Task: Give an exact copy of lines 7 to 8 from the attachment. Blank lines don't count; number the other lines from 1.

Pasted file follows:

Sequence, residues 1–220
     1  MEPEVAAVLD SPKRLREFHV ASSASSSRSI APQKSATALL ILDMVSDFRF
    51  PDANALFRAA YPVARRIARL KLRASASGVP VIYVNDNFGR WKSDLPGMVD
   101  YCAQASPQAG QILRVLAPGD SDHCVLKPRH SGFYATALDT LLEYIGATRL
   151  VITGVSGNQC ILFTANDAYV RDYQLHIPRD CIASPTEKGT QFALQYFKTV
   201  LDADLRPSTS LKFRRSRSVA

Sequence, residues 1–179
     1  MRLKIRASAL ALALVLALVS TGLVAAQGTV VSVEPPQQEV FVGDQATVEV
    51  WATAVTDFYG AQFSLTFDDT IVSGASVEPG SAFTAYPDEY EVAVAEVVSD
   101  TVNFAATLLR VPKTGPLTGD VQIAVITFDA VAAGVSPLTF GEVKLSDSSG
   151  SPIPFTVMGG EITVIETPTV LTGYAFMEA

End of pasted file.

Sequence, residues 1–179
     1  MRLKIRASAL ALALVLALVS TGLVAAQGTV VSVEPPQQEV FVGDQATVEV